In an early-morning special meeting, the Tulare Local Healthcare District Board of Directors voted unanimously to hold a vote-by-mail election for a $55m bond, similar to the method being used for Visalia’s Measure H.
The vote and meeting, held in a conference room at the TLHCD-owned Evolutions gym, was held on May 2 and took up all of the seating made available, with many individuals standing at the back of the room.
The Tulare Fire Department had cleared the room for up to 125 people; crowding in the hospital board’s usual meeting space became an issue after a packed meeting the April 27 had hospital officials scrambling to create an overflow room and audio system.
According initial statements from hospital officials, the meeting was held because Monday was the final deadline for the board to vote on the bond and move toward starting a mail-in election. Tulare County elections officials stated to the Valley Voice that May 2 was actually the first day to file such paperwork; the last day to file paperwork for an August 30 special election is actually June 3.
The board ended its special meeting at 9:05am, and by 9:25am the paperwork had been signed and submitted to Tulare County officials.
The effort stood in large contrast to Visalia’s Measure H process.
“We started a year and a half ago discussing in during the board meetings when would be the best time to put the bond measure on the ballot. It was part of a long and cohesive plan,” Carl Anderson, Kaweah Delta Board of Directors member told the Voice. “We felt the best plan was a mail-in ballot so that we would not interfere with the City of Visalia’s tax measure.”
Officials for the TLHCD stated that the bond is necessary not only to finish the ill-fated Tower One expansion project, and for the hospital to meet earthquake compliance laws, but for the operational continuity and survival of the Tulare Regional Medical Center and the Tulare Local Healthcare District.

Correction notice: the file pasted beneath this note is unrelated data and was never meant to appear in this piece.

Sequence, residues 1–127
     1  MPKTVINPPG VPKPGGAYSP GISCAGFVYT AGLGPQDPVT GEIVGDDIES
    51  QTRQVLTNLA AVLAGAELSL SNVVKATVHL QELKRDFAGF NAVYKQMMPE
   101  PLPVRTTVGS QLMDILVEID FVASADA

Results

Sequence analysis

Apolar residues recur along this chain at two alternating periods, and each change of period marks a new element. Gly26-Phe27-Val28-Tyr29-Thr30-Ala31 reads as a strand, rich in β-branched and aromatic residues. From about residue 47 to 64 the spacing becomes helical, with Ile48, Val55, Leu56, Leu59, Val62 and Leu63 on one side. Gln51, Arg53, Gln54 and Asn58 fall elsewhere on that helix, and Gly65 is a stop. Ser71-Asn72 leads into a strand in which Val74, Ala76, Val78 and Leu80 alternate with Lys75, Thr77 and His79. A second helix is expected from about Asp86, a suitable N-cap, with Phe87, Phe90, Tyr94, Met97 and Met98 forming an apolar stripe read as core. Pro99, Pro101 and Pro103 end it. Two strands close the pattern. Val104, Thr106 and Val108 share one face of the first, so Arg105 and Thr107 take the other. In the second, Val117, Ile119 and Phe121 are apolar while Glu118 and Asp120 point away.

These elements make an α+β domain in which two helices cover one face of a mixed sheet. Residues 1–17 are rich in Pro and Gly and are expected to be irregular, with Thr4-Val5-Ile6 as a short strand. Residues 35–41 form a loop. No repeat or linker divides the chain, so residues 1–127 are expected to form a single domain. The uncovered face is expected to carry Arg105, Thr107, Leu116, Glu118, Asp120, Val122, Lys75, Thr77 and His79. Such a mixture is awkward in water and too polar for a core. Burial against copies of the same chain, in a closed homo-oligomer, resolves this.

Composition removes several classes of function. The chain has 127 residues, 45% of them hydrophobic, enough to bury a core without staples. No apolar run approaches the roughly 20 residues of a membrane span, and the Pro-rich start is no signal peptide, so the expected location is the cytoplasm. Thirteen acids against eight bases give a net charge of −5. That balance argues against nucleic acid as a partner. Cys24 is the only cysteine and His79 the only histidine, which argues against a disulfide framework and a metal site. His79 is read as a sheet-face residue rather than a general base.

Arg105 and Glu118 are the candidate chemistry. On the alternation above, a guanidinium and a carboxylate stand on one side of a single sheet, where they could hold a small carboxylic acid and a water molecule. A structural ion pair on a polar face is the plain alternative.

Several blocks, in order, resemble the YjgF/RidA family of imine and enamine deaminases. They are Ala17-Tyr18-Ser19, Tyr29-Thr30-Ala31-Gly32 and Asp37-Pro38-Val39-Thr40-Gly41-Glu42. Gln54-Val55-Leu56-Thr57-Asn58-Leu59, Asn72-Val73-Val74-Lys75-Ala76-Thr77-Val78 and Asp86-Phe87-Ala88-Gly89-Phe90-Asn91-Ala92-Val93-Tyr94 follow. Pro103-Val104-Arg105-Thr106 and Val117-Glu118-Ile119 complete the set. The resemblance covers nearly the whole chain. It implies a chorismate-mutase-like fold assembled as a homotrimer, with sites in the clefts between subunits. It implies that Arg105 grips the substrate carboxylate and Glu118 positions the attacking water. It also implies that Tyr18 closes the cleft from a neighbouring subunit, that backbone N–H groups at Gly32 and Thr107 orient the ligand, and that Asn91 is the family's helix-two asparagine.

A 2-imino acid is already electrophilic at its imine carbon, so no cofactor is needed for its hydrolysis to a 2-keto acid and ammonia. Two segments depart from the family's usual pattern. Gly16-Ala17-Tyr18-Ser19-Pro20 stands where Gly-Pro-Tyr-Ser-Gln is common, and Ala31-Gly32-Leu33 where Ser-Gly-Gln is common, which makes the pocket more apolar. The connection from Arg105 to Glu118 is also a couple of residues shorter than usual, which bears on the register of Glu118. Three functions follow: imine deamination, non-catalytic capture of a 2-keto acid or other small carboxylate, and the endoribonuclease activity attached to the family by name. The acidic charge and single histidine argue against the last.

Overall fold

Changes Made Between Agenda, Meeting
The version of the ballot measure uploaded to the HealthCare Conglomerate Associates (HCCA) website on Friday night, April 30, and publicized throughout the weekend, and the signed, final version uploaded by HCCA and submitted to Tulare County officials had key differences in the full text of the ballot measure.
The version posted by the District on Friday night stated:
“To pay for the District’s infrastructure projects that includes completion of the Tower One building with addition of earthquake compliant expanded Emergency Department space, labor and delivery suites, and alignment of the District building needs, including refinancing outstanding debt related to construction, shall the Tulare Local Healthcare District issue $55,000,000 in bonds, with 100% of the bond proceeds being used for construction-related costs and with no bond proceeds being used for hospital administrative costs or to refinance any debt supporting hospital operational costs?”
“All funds stay local for the benefit of Tulare Local Health Care District Facilities. All bond proceeds shall be used to improve healthcare facilities within the Tulare Local Health Care District for the benefit of healthcare in the local community. No funds may be taken away by the state government, federal government, or other hospital districts or healthcare institutions.